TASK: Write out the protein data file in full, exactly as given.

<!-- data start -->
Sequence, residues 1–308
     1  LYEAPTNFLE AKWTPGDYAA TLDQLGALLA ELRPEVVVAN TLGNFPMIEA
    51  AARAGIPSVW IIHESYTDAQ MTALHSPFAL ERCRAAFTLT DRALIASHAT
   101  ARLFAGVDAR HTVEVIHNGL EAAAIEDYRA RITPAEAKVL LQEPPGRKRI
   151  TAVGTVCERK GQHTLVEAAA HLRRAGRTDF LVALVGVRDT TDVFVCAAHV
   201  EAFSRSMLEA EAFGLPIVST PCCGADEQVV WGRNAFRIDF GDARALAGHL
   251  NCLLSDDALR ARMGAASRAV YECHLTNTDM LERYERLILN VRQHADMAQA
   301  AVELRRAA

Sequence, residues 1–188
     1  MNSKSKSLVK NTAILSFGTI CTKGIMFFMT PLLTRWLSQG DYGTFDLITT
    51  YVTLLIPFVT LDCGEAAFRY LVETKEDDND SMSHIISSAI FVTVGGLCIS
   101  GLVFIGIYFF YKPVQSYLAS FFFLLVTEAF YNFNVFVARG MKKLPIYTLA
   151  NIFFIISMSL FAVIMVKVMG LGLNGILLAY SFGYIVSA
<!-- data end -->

Sequence, residues 1–308
     1  LYEAPTNFLE AKWTPGDYAA TLDQLGALLA ELRPEVVVAN TLGNFPMIEA
    51  AARAGIPSVW IIHESYTDAQ MTALHSPFAL ERCRAAFTLT DRALIASHAT
   101  ARLFAGVDAR HTVEVIHNGL EAAAIEDYRA RITPAEAKVL LQEPPGRKRI
   151  TAVGTVCERK GQHTLVEAAA HLRRAGRTDF LVALVGVRDT TDVFVCAAHV
   201  EAFSRSMLEA EAFGLPIVST PCCGADEQVV WGRNAFRIDF GDARALAGHL
   251  NCLLSDDALR ARMGAASRAV YECHLTNTDM LERYERLILN VRQHADMAQA
   301  AVELRRAA

Sequence, residues 1–188
     1  MNSKSKSLVK NTAILSFGTI CTKGIMFFMT PLLTRWLSQG DYGTFDLITT
    51  YVTLLIPFVT LDCGEAAFRY LVETKEDDND SMSHIISSAI FVTVGGLCIS
   101  GLVFIGIYFF YKPVQSYLAS FFFLLVTEAF YNFNVFVARG MKKLPIYTLA
   151  NIFFIISMSL FAVIMVKVMG LGLNGILLAY SFGYIVSA